Incisors (overview)

Humans are provided with eight incisor teeth (or simply incisors; Latin: dentes incisivi). Four incisors are located in the middle of each teeth row. Therefore, four incisors are located in the maxillae (7 - 10) and four in the mandible (23 - 26).

Depending on how far the incisors are located from the midline of the jaw, they are divided into two subdivisions - medial or central and lateral incisors. The medial incisor is the most centrally located tooth. Each row contains two central and two lateral incisors.

Incisors help to cut, pluck and bite the food. Also, they help to hold the food in the oral cavity. For this reason, the crown of these teeth has a chisel-shaped form, and their lateral surfaces (mesial and distal) are triangular. Moreover, the word “incisors” derives from the Latin word “incidere”, and it means “to cut.”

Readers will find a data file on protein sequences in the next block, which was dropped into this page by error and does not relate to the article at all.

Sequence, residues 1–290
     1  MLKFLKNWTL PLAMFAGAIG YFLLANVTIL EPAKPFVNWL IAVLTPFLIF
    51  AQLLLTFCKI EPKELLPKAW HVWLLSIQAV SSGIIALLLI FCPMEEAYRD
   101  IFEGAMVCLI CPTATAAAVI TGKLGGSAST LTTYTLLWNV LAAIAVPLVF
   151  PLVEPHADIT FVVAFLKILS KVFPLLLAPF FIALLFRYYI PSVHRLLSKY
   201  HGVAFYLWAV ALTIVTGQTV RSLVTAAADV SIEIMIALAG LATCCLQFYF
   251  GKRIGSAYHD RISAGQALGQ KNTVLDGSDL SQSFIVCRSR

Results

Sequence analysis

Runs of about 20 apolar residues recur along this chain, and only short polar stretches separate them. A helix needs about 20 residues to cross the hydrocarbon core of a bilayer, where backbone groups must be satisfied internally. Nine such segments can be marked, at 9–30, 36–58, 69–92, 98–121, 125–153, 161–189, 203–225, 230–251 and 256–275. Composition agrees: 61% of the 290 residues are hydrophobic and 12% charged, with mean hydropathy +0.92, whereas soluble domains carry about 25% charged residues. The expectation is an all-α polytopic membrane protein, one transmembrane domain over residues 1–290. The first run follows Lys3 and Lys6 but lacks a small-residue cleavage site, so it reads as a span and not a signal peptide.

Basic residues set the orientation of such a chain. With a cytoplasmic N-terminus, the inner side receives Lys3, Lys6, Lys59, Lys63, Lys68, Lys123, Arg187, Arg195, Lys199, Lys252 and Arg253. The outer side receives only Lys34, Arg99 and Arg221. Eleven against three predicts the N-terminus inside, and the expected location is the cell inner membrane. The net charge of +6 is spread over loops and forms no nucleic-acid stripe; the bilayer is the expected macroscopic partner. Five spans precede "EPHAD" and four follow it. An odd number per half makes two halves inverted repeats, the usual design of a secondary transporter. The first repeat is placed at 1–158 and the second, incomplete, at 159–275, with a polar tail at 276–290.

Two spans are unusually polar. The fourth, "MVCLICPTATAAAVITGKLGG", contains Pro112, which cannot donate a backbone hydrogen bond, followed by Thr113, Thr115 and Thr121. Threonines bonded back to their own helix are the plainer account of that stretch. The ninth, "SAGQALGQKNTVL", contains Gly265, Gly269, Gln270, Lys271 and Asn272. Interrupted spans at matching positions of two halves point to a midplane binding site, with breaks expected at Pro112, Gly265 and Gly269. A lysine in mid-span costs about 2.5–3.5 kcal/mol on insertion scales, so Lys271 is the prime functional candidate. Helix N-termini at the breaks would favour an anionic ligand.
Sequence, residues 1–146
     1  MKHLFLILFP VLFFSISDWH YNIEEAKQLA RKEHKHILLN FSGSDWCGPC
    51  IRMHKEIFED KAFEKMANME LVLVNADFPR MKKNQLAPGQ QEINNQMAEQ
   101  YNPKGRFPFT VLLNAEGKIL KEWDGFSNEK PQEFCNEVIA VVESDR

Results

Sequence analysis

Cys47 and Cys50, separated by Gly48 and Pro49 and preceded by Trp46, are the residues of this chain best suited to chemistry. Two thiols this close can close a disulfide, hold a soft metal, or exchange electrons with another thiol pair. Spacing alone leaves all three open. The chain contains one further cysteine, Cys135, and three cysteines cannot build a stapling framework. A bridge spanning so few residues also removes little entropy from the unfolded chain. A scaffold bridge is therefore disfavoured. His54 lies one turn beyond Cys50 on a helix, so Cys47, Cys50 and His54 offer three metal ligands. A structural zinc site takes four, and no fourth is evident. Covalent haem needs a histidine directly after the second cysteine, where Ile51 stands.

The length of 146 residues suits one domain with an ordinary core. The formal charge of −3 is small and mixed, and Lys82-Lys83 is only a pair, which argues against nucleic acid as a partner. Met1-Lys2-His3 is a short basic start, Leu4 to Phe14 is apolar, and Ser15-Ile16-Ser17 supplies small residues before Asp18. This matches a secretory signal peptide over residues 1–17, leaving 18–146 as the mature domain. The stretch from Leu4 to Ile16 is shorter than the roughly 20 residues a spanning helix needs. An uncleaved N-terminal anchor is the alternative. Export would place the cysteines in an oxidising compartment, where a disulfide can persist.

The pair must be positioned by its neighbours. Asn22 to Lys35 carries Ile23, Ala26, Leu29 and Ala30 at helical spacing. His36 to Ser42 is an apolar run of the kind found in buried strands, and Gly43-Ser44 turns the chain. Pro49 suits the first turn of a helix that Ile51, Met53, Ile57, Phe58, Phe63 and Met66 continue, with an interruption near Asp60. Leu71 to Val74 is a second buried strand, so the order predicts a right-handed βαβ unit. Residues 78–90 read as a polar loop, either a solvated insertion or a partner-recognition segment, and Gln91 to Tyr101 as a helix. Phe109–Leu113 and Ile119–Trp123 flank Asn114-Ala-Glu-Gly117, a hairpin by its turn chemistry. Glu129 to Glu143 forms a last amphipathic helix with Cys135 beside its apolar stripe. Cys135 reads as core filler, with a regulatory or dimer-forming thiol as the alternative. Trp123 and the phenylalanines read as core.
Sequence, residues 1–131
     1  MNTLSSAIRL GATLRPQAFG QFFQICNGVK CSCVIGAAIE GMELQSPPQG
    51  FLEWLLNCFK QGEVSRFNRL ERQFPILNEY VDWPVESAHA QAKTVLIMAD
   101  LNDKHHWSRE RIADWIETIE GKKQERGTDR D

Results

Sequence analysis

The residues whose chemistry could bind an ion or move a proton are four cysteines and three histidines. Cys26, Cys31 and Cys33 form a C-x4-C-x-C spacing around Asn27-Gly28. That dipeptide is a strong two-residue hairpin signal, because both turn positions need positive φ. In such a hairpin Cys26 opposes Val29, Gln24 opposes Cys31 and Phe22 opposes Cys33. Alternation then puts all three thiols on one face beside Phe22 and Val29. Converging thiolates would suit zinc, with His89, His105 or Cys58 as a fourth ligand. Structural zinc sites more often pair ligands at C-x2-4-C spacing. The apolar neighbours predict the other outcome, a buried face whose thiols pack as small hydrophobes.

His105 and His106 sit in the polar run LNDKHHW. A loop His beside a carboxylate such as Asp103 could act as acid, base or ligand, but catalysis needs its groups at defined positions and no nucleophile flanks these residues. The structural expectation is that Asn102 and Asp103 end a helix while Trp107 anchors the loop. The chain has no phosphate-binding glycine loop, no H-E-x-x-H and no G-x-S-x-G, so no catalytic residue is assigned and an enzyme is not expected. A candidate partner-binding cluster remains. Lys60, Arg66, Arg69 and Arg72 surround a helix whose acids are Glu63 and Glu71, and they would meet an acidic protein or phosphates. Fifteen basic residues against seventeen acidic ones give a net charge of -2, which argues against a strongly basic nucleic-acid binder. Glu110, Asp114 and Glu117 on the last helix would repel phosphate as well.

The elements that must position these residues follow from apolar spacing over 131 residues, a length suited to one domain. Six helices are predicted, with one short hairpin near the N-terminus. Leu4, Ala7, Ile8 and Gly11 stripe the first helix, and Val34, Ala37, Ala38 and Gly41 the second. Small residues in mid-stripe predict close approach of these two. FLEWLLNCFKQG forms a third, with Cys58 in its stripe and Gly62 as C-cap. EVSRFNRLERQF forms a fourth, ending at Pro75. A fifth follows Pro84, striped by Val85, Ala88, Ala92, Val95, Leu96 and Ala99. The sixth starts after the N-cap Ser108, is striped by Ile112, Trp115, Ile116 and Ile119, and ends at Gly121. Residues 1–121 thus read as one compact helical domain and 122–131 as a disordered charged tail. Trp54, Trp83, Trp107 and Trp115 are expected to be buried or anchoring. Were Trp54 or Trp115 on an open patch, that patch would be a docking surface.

The incisors have only one long and conical root.

These teeth are the first permanent teeth to erupt. Usually, the mandibular incisors erupt between 6 to 7 years and the maxillary incisors between 6 to 8 years.


Note: The Universal Tooth Numbering System for secondary dentition is used in the 3D model for incisor teeth numbering. Find out what it is and which are the two other systems in the article about the dental notation systems!